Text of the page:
Ancient Rome

Roman civilisation from the 8th century BC to the 5th century AD / From Wikipedia, the free encyclopedia

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In modern historiography, ancient Rome encompasses the founding of the Italian city of Rome in the 8th century BC, the Roman Kingdom (753–509 BC), Roman Republic (509–27 BC), Roman Empire (27 BC– 395 AD), and the collapse of the Western Roman Empire in the 5th century AD.[1][lower-alpha 1]

Quick facts: Roma, Status, Capital, Common languages,...
Roma
753 BC–476/4801 AD
Motto: Senatus Populusque Romanus
Roman_Republic_Empire_map.gif
Territories of the Roman civilisation:
Status
CapitalRome (and others during the late Empire, notably Constantinople and Ravenna)
Common languagesLatin
Government
Historical eraAncient history
753 BC
509 BC
 Octavian proclaimed Augustus
27 BC
476/4801 AD
  1. ^ Whilst the deposition of Emperor Romulus Augustulus in 476 is the most commonly cited end date for the Western Roman Empire, the last Western Roman emperor Julius Nepos, was assassinated in 480, when the title and notion of a separate Western Empire were abolished. Another suggested end date is the reorganization of the Italian peninsula and abolition of separate Western Roman administrative institutions under Emperor Justinian during the latter half of the 6th century.
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Ancient Rome began as an Italic settlement, traditionally dated to 753 BC, beside the River Tiber in the Italian Peninsula. The settlement grew into the city and polity of Rome, and came to control its neighbours through a combination of treaties and military strength. It eventually controlled the Italian Peninsula, assimilated the Greek culture of southern Italy (Magna Grecia) and the Etruscan culture, becoming a dominant power in the Mediterranean region and parts of Europe. It was among the largest empires in the ancient world, with an estimated 50 to 90 million inhabitants, roughly 20% of the world's population at the time.[lower-alpha 2] It covered around 5 million square kilometres (1.9 million square miles) at its height in AD 117.[2]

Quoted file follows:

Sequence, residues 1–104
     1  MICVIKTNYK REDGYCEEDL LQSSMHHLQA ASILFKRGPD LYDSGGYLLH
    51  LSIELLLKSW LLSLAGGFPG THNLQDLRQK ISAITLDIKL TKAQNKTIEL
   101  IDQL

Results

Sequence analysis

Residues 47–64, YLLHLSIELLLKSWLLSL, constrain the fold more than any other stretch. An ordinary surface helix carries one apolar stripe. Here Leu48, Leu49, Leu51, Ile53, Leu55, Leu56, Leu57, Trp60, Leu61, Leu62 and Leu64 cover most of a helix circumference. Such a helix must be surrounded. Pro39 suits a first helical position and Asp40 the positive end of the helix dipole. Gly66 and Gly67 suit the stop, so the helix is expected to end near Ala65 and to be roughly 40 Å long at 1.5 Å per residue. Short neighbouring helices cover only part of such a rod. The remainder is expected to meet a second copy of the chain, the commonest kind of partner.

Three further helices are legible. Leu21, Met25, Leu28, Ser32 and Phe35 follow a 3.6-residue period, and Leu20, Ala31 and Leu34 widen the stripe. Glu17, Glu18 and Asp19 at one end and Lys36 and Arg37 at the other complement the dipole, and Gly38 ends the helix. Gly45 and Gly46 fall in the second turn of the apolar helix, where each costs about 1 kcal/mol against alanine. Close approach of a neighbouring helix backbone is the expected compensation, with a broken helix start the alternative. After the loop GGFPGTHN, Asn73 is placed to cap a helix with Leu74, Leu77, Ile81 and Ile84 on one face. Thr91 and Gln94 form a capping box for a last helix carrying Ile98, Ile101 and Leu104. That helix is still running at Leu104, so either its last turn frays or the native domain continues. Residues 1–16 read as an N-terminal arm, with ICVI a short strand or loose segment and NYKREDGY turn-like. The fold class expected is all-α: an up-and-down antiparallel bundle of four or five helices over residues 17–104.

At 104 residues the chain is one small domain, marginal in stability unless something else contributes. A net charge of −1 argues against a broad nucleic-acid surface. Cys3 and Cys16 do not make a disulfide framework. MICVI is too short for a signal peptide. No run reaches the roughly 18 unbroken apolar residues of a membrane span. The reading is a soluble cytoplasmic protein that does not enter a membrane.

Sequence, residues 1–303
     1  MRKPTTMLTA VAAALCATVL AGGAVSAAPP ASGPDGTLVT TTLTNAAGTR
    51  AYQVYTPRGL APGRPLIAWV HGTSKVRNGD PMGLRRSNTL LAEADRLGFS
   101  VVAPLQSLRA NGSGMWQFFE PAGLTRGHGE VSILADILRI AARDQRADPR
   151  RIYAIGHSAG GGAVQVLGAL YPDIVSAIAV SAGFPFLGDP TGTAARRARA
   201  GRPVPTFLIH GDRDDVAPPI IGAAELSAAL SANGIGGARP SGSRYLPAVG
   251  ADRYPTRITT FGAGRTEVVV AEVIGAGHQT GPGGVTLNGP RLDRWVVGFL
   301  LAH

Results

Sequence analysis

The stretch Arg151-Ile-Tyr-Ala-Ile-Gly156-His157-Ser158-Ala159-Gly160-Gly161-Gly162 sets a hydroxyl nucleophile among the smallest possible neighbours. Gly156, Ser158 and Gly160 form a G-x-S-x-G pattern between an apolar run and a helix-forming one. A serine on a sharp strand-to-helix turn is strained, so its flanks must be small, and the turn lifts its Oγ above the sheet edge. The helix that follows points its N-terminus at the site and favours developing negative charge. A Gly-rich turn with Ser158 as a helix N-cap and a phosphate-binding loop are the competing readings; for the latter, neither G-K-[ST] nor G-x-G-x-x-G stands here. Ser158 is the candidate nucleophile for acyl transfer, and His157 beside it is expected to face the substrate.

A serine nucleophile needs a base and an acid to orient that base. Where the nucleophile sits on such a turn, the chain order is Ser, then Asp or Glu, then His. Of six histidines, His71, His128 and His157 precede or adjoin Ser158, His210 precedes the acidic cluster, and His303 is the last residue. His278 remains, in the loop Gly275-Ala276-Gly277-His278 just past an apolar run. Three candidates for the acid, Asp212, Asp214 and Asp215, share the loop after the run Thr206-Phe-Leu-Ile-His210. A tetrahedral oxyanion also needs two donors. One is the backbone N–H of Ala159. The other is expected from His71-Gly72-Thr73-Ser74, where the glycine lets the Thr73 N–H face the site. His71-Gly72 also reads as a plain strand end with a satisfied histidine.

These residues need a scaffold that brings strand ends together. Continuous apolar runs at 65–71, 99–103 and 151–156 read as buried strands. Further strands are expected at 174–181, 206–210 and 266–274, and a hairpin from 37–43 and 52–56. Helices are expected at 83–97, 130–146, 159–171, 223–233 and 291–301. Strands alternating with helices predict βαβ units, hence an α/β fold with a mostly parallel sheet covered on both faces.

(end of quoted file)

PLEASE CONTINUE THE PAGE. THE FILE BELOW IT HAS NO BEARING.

The Roman state evolved from an elective monarchy to a classical republic and then to an increasingly autocratic semi-elective military dictatorship during the Empire. Through conquest, cultural, and linguistic assimilation, at its height it controlled the North African coast, Egypt, Southern Europe, and most of Western Europe, the Balkans, Crimea, and much of the Middle East, including Anatolia, Levant, and parts of Mesopotamia and Arabia. It is often grouped into classical antiquity together with ancient Greece, and their similar cultures and societies are known as the Greco-Roman world.

Ancient Roman civilisation has contributed to modern language, religion, society, technology, law, politics, government, warfare, art, literature, architecture, and engineering. Rome professionalised and expanded its military and created a system of government called res publica, the inspiration for modern republics such as the United States and France.[3] It achieved impressive technological and architectural feats, such as the empire-wide construction of aqueducts and roads, as well as more grandiose monuments and facilities.

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